Michael and the Corleone family have allowed themselves to become constrained by the expectations that others have for them. Any intent to move forward is being hampered by the legacies and expectations from their past.
Procurement faces a similar challenge. If it lacks a vision on its future direction, it runs the risk of always being portrayed as a back office compliance function, simply ensuring adherence to purchase orders. Please don’t misunderstand me. These are important activities that need to be done properly. My point is that when no vision exists, attempts to implement new strategic initiatives will be thwarted, because organisations may not allow us to move beyond the self-imposed boundaries that Procurement has established for itself.
A limited historic scope for Procurement will not inspire the next generation of potential talents to come and work within our function. When talking about Procurement at Universities and Business Schools, current students already assume a number of our historic activities to have been automated and are certainly not seeking to join organisations if their immediate future is spent ensuring contractual compliance or managing tail-spend.
The next generation is interested in how Procurement shapes Sustainable Sourcing strategies, how Procurement supports top-line growth initiatives and how Procurement provides a platform to a wider career in an organisation.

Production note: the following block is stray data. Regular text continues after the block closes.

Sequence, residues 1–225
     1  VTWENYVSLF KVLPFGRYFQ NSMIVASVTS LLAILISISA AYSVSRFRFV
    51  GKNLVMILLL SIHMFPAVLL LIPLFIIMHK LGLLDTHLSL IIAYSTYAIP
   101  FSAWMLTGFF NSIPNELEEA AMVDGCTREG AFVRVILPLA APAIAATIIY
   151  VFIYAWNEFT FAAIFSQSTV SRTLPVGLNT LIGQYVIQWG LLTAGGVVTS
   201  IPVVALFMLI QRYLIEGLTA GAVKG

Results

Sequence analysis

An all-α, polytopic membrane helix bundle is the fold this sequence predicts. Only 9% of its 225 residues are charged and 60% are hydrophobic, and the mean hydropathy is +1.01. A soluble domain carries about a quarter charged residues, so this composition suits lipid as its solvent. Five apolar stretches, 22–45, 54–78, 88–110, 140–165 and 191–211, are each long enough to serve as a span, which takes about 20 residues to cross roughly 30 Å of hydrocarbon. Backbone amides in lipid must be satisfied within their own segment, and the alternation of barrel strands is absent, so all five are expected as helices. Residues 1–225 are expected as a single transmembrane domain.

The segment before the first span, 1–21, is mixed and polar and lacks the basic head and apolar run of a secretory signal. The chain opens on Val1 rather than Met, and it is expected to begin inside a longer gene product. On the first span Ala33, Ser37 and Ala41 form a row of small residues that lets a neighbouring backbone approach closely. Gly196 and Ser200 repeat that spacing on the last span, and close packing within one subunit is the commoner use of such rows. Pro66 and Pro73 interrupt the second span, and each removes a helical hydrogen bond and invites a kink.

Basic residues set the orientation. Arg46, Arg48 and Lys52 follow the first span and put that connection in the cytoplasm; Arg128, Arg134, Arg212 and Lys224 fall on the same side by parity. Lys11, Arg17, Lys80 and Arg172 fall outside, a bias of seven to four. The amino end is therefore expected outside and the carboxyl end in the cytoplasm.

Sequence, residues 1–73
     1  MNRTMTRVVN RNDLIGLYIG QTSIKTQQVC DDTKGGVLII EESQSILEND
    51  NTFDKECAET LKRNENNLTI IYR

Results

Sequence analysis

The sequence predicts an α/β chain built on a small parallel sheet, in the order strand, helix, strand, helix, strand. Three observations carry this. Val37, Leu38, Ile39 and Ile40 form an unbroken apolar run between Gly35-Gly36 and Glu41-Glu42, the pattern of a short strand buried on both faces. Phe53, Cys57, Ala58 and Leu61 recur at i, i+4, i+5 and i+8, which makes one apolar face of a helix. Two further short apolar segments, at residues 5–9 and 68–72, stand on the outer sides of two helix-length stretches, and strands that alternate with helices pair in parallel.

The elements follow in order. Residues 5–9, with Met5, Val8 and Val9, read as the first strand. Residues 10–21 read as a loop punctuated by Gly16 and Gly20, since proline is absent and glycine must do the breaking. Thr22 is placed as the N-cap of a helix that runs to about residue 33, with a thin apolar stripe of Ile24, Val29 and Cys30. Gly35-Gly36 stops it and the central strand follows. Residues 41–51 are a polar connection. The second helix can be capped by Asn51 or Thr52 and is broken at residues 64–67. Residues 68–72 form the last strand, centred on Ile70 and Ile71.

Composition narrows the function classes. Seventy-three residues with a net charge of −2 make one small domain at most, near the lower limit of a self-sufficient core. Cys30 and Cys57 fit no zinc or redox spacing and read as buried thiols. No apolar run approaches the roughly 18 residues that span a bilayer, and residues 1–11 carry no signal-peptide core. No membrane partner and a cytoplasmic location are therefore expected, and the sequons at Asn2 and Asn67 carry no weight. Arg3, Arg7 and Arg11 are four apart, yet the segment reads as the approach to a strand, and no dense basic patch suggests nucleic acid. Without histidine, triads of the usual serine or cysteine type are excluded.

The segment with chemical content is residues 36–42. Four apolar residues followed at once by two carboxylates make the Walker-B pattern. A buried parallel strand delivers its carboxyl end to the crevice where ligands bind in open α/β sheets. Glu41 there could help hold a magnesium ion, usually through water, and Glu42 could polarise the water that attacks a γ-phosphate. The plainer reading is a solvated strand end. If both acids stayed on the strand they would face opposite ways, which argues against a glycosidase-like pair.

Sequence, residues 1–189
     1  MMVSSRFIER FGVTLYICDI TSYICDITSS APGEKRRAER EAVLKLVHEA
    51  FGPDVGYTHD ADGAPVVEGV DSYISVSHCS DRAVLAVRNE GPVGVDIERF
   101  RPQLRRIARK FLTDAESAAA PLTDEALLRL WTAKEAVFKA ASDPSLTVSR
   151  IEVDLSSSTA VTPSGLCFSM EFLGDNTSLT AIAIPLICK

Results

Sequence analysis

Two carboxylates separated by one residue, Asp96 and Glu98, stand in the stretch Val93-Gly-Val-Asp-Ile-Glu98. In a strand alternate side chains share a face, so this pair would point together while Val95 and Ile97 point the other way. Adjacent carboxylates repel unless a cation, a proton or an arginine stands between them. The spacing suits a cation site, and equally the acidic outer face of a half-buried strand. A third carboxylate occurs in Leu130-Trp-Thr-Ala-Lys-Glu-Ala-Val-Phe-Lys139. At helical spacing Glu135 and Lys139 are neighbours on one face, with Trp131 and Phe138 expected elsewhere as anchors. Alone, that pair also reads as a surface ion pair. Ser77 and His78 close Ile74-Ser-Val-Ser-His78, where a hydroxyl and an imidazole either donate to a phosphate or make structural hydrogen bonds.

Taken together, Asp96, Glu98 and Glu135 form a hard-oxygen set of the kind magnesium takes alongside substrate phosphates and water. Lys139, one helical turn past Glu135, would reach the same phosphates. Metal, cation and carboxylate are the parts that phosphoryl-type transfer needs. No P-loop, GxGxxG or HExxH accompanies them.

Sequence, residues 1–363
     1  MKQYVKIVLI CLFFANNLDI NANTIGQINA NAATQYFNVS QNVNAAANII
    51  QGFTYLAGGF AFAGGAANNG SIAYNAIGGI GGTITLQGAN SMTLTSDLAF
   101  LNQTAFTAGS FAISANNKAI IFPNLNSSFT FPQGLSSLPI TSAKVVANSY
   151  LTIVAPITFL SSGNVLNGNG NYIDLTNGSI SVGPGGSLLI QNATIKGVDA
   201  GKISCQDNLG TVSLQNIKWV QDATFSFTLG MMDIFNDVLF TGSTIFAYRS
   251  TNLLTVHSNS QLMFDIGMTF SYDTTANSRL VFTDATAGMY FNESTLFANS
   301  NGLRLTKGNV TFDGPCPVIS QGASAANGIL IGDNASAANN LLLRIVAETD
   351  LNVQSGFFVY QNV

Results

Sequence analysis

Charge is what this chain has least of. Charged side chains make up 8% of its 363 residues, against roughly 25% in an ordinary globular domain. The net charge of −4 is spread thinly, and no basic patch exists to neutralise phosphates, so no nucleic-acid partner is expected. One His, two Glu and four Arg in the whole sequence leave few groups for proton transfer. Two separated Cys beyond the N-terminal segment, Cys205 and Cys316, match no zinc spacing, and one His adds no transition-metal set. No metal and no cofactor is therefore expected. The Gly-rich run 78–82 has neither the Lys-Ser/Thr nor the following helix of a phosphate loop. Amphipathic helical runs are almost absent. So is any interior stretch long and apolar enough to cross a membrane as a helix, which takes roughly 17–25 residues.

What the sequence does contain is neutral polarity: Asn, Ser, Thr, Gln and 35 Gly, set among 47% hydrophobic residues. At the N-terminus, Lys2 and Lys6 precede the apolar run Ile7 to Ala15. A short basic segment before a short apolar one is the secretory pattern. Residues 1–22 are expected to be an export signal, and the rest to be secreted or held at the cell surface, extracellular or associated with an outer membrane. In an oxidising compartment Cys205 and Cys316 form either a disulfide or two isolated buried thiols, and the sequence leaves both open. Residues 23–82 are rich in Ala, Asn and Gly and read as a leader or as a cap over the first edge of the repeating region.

Creating the Vision
How can we create this vision? A simple idea would be to imagine that Procurement did not yet exist. How would you create it today? What would you want to include in its remit? Where do you believe you should focus your biggest minds, and what could be automated?
Clarifying how Procurement will operate both in the short and longer term within your organisation will start to create a vision behind which your team can unite and move together. This will require Leadership to seek new opportunities for Procurement to drive and manage opportunities. It may require Procurement Leadership to conduct some ‘skunk-work’ initiatives, dedicating resources to ideas that they believe will benefit the organisation in the medium to long term.
I believe that establishing a vision is equally applicable to both Public and Private Sectors. I remember witnessing some of the earliest work on sustainable sourcing, ethical purchasing and talent diversity emerging in the public sector and student unions.
Procurement has the ability to devise a very bright future in terms of areas of responsibility and contribution to organisational growth. Let us ensure that we build the future we want to participate in, rather than face a future whose boundaries and expectations have already been determined for us.
Mark will be discussing procurement vision and clarifying the role of procurement during one of our panel discussions at the Big Ideas Summit on April 21st.
Don’t miss out on this truly excellent event and the chance to participate in discussions that will shape the future of the procurement profession. Get Involved, register today.